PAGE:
Psychotherapy with Men

As therapists, we share the common knowledge that psychotherapy with men and their masculinity is tough. Sometimes, men are wonderful clients, open and motivated; they make significant breakthroughs. But more often, they’ve been sent by their wives or the courts, and they’re distant and oppositional, or so agreeable that you know they’re simply trying to placate you.

Psychotherapy with men is daunting for many reasons, but we believe it’s particularly arduous because most male’s masculinity is itself pathological — diseased — which both exacerbates other mental health/substance disorders and undermines treatment. Here are some insights and tactics that can make your work with men easier and more successful.


Mascupathy Book CoverIn many years working with men from various walks of life with diverse presenting problems, we repeatedly saw the same patterns of distorted thinking and errant behaviors. Over time, we developed the term mascupathy to describe the pathology common to all these men. Our book, Mascupathy: Understanding and Healing the Malaise of Contemporary American Manhood, explains the origins of our terminology and presents not only a new template for understanding men, but also innovative treatment methodologies.

Mascupathy is a mental health condition that’s primarily caused by male socialization, exacerbated by unresolved trauma, and reinforced through frequent threatening and demeaning interactions with other men. The mascupathic syndrome features an exaggeration of the masculine characteristics of aggression, invulnerability, and insularity to the exclusion of feminine qualities of conciliation, openness, and intimacy. All men struggle with mascupathy to some degree; in some men it leads to violence; in others it produces emotional poverty and relational distancing.

Here are a few principles that generate more effective treatment.

Values Antithetical to Therapy

First, the values of socialized masculinity are antithetical to effective therapy. Conventional masculine socialization teaches men to secret private experiences, exert control over others, present the self as invincible, and favor action to the exclusion of introspection. The process of therapy is, of course, effective when clients self-disclose, relinquish control to the therapist, let down their armor, and engage in inner exploration.

Second, conventional DSM diagnoses such as major depression, OCD, and PTSD describe symptoms, but neglect the underlying conditions of many men: fear that stems from repeated experiences that the world is not a safe place, shame that one hasn’t lived up to the high standards of manhood, anger over unresolved losses, and loneliness from self-imposed alienation and isolation. These are the real traumas that men bring to therapy, and they call for a new tactics for treatment.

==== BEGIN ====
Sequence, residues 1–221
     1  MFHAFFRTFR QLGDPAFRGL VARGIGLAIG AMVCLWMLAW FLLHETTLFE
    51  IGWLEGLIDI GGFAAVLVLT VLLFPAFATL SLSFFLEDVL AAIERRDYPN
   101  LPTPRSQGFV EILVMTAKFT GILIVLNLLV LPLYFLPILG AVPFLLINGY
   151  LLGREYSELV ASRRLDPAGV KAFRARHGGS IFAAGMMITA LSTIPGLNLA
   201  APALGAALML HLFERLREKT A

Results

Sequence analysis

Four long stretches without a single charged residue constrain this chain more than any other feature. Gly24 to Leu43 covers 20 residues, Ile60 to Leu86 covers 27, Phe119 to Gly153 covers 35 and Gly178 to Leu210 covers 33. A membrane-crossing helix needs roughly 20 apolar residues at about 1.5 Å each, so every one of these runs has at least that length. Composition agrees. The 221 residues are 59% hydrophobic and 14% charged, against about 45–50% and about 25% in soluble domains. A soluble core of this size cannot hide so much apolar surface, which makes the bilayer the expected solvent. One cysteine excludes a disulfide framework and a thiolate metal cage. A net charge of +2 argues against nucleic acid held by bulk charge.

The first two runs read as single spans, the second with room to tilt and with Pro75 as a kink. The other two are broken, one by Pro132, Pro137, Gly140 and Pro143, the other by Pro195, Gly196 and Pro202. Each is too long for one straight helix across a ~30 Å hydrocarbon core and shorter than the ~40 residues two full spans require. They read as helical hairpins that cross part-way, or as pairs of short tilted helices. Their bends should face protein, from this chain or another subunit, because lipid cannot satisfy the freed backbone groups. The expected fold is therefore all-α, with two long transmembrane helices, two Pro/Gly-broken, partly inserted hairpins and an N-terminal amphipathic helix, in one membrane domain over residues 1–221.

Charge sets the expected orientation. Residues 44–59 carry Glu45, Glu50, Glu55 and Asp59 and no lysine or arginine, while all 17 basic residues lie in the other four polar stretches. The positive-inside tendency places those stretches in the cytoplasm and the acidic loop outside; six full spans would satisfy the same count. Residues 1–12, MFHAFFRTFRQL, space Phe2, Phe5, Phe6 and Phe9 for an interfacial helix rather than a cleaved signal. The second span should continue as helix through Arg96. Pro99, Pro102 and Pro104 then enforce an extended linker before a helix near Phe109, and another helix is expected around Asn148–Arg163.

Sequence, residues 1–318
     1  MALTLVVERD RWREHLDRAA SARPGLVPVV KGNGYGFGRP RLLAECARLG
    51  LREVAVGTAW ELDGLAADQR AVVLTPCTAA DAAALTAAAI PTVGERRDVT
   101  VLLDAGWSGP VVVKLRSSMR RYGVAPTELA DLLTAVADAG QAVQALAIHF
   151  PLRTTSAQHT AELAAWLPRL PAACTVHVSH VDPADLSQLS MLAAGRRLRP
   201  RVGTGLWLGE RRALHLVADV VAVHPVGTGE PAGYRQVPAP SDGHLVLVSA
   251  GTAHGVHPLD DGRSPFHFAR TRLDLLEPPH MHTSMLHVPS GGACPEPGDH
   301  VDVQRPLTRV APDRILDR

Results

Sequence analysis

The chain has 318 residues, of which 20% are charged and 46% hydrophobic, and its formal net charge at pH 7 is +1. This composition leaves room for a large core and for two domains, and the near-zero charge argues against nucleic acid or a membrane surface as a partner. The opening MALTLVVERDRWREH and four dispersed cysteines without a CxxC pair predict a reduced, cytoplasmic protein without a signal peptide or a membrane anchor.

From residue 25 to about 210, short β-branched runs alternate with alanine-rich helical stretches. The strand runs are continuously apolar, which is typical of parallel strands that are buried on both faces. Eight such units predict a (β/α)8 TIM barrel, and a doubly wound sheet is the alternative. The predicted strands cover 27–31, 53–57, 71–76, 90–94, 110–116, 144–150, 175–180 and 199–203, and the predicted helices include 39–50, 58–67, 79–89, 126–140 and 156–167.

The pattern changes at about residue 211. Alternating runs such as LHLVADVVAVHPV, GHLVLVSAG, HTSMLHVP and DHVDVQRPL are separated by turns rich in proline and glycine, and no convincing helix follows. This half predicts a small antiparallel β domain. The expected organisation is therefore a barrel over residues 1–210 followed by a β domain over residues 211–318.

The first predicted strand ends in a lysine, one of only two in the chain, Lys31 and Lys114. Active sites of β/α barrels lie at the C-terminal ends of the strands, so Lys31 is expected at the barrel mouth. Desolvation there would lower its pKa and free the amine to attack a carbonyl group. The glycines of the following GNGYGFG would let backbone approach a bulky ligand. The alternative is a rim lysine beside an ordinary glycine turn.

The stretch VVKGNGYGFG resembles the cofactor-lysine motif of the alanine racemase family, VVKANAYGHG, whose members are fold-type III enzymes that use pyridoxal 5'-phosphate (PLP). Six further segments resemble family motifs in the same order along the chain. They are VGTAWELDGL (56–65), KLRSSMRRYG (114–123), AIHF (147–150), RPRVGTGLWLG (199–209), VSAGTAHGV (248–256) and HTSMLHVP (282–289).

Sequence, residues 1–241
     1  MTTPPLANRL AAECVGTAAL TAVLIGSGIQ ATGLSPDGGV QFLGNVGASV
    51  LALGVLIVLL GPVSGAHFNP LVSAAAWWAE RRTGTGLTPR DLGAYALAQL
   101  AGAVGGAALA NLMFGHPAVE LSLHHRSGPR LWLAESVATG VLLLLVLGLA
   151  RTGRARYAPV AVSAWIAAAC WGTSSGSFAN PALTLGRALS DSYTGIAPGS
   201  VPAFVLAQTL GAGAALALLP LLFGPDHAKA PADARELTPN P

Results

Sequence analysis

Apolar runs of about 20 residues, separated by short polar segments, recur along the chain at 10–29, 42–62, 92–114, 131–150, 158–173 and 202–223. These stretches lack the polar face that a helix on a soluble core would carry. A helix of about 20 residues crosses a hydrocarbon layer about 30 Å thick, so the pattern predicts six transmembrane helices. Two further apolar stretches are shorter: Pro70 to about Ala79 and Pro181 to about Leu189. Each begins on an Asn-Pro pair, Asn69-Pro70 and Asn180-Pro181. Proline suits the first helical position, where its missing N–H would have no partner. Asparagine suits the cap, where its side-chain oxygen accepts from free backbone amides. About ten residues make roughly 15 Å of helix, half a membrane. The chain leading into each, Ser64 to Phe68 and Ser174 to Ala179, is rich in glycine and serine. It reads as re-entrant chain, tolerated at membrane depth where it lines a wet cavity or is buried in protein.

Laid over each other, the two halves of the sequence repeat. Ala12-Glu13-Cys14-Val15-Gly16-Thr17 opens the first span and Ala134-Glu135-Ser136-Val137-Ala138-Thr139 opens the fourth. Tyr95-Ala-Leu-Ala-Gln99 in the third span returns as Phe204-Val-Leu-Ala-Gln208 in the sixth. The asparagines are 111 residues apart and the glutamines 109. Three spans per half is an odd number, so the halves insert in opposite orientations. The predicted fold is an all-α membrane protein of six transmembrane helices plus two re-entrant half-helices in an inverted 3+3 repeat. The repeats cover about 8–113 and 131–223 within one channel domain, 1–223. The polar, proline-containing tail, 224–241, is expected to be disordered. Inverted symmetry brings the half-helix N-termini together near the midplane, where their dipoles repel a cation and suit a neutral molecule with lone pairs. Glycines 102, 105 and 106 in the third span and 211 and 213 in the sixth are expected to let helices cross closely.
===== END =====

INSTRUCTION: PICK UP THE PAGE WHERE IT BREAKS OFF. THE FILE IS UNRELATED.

A Co-occuring Disorder

Third, for the purposes of developing treatment plans, mascupathy needs to be seen as a disorder that co-occurs with a conventional DSM disorder or substance dependence. Treatment of mascupathy should be concurrent but separate from other disorders. For example, didactic treatment of chemical dependence can parallel experiential group therapy of mascupathy.

Given men’s debilitating experiences, treatment for mascupathy needs to be grounded in the development of a safe environment, the creation of a level playing field, the modeling of openness and authenticity, and demonstration of the benefits of awareness of the inner life. In some cases, these activities require the therapist to depart from traditional therapeutic roles.

Finally, group therapy is much more efficacious for men than individual treatment. The group can harness the ancient destructive power of the pack to new constructive ends. For example, when men new to the group observe “elders” engage in self-disclosure, their desire to belong propels them to acknowledge flaws and mistakes which they previously refused to admit. This process of disclosure is extraordinarily healing.

In conclusion, we believe that treating substance abuse and other disorders in men without providing therapy for mascupathy is like removing lymph nodes without excising the primary tumor.

Take a look at our website, and our new book Mascupathy: Understanding and Healing the Malaise of Contemporary American Manhood. We are convinced that our analysis of men and mascupathy can make your work as a therapist both more effective for your clients and more fulfilling for you.